1. ‘Population not the sole factor in J&K delimitation’
A provision in delimitation Acts from 1952 onwards, which says that other than population, factors like physical features, boundaries of administrative units, communication facilities and public convenience should be taken into account while drawing constituency boundaries, has led to the Opposition’s concerns over the ongoing delimitation exercise in Jammu and Kashmir.
While officials of the Delimitation Commission say they have followed the rule in recommending six additional seats in Jammu and one in Kashmir, the National Conference (NC) has objected to the proposal, terming it unacceptable. The increase in seats would tilt the balance of power towards Jammu and away from the Kashmir Valley.
On criticism of the proposal, a senior official involved in the process said the provision to consider factors other than population had “always been adhered to”. Uttarakhand had all hill districts with 20% less population than the districts in the plains in the 2008 delimitation, the official said.
What is delimitation?
Delimitation refers to the process of demarcation of the boundaries of parliamentary or assembly constituencies. The process is carried out every few years to ensure that each constituency has approximately an equal number of voters — the underlying logic being that a set number of voters have one representative in the Lok Sabha as well as in the state assemblies across the country. Therefore, the exercise is carried out after every census.
Given the political sensitivity of the exercise, no government — central or state — can carry it out, and after every census, Parliament enacts a Delimitation Act under Article 82 of the Constitution. Subsequently, a high-powered body known as the Delimitation Commission is constituted, which carries out the process of demarcation of constituency boundaries. The orders of this commission are legally binding and not subject to scrutiny of any court of law. Even Parliament cannot suggest modifications to an order issued by the commission.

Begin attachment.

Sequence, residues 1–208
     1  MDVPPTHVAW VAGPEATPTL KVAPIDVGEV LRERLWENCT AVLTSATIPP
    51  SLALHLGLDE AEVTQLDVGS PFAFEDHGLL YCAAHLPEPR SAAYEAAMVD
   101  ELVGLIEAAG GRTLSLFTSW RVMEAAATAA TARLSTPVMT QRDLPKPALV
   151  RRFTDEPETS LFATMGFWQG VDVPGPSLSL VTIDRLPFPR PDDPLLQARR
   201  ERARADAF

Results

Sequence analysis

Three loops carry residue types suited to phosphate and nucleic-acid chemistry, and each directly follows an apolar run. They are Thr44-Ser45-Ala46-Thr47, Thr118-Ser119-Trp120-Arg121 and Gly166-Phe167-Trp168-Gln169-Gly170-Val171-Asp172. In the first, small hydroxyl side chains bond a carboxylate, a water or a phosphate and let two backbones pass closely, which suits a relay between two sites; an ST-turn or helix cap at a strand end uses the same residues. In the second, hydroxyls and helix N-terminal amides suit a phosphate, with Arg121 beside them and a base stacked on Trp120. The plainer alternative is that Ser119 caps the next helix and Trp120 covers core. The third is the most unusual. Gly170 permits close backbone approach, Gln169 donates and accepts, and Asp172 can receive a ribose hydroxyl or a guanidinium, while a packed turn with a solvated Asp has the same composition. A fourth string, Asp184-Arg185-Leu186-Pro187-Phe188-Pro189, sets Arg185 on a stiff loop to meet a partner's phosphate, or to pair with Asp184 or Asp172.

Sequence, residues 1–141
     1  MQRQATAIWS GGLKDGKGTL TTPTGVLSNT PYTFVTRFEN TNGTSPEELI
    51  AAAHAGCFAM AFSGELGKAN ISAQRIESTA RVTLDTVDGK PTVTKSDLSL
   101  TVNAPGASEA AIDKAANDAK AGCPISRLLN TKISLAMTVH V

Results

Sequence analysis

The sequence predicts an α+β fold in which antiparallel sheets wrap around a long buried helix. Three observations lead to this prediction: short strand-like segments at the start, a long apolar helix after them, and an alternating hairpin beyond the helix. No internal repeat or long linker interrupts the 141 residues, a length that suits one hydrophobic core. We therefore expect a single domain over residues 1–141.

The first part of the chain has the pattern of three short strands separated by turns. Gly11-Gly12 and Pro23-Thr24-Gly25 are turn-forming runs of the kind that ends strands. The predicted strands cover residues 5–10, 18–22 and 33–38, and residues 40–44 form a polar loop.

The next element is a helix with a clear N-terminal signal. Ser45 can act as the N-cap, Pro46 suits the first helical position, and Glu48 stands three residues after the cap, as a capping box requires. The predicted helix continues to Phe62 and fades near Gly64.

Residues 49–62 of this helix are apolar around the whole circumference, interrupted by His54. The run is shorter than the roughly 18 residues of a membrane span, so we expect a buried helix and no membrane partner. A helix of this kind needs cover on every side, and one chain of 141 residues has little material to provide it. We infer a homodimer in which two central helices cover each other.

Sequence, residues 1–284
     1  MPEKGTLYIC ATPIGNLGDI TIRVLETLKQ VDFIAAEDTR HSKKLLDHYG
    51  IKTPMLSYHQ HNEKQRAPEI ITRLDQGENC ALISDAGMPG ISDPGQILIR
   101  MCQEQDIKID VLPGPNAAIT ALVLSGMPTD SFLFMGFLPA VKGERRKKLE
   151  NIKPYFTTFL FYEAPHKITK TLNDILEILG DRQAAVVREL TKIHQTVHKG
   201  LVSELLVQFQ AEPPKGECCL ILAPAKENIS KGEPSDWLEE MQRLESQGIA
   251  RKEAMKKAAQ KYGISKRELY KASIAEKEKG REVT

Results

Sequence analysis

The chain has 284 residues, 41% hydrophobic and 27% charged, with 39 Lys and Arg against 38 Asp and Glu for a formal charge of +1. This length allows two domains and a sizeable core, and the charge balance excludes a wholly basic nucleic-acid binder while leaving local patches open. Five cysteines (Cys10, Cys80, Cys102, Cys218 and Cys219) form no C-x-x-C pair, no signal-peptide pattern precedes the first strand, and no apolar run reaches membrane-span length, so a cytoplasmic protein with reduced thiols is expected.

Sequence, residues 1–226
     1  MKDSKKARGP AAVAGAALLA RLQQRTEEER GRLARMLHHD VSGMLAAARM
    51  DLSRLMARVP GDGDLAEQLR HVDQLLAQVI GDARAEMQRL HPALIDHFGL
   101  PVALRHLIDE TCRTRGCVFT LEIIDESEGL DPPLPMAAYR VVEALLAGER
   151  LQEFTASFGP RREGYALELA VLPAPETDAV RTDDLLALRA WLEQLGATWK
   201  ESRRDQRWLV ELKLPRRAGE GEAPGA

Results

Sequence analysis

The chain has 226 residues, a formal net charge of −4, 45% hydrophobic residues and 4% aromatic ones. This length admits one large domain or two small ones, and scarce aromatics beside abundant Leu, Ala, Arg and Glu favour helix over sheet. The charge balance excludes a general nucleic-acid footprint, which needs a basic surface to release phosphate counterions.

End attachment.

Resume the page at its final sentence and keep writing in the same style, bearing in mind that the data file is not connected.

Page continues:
The commission consists of a chairman — a retired or sitting judge of the Supreme Court — the chief election commissioner or any of the two election commissioners, and the election commissioner of the state in which the exercise is being carried out. In addition, five MPs and five MLAs of the state are chosen as associate members of the commission.
Since the commission is a temporary body with no full-fledged staff of its own, it relies on EC employees to carry out the long-drawn exercise. Census data for each district, tehsil and gram panchayat is collected, and the new boundaries are demarcated. The exercise can take up to five years.
How has delimitation been different in J&K?
A delimitation commission was first constituted for J&K in 1952. Subsequently, they were constituted in 1963, 1973 and 2002.
Delimitation in J&K has followed a slightly different trajectory than in the rest of the country, due to the special status it was accorded under Article 370.
While delimitation of Lok Sabha seats in J&K was governed by the Constitution of India, that of the erstwhile state’s Assembly seats was governed by the Jammu and Kashmir Constitution and specifically, the Jammu and Kashmir Representation of the People Act, 1957.
The last time a delimitation exercise was conducted in J&K was under President’s Rule in 1995 by the retired Justice K.K. Gupta’s Commission. The next exercise was due in 2005, but in 2002, the Farooq Abdullah government chose to freeze delimitation until 2026 by amending the Jammu & Kashmir Representation of the People Act, 1957, and Section 47(3) of the Constitution of Jammu & Kashmir.
Why is delimitation so controversial in J&K?
The delimitation of J&K is a politically volatile issue since it is directly related to the representation of Muslim-dominated Kashmir and Hindu-dominated Jammu in the legislative assembly.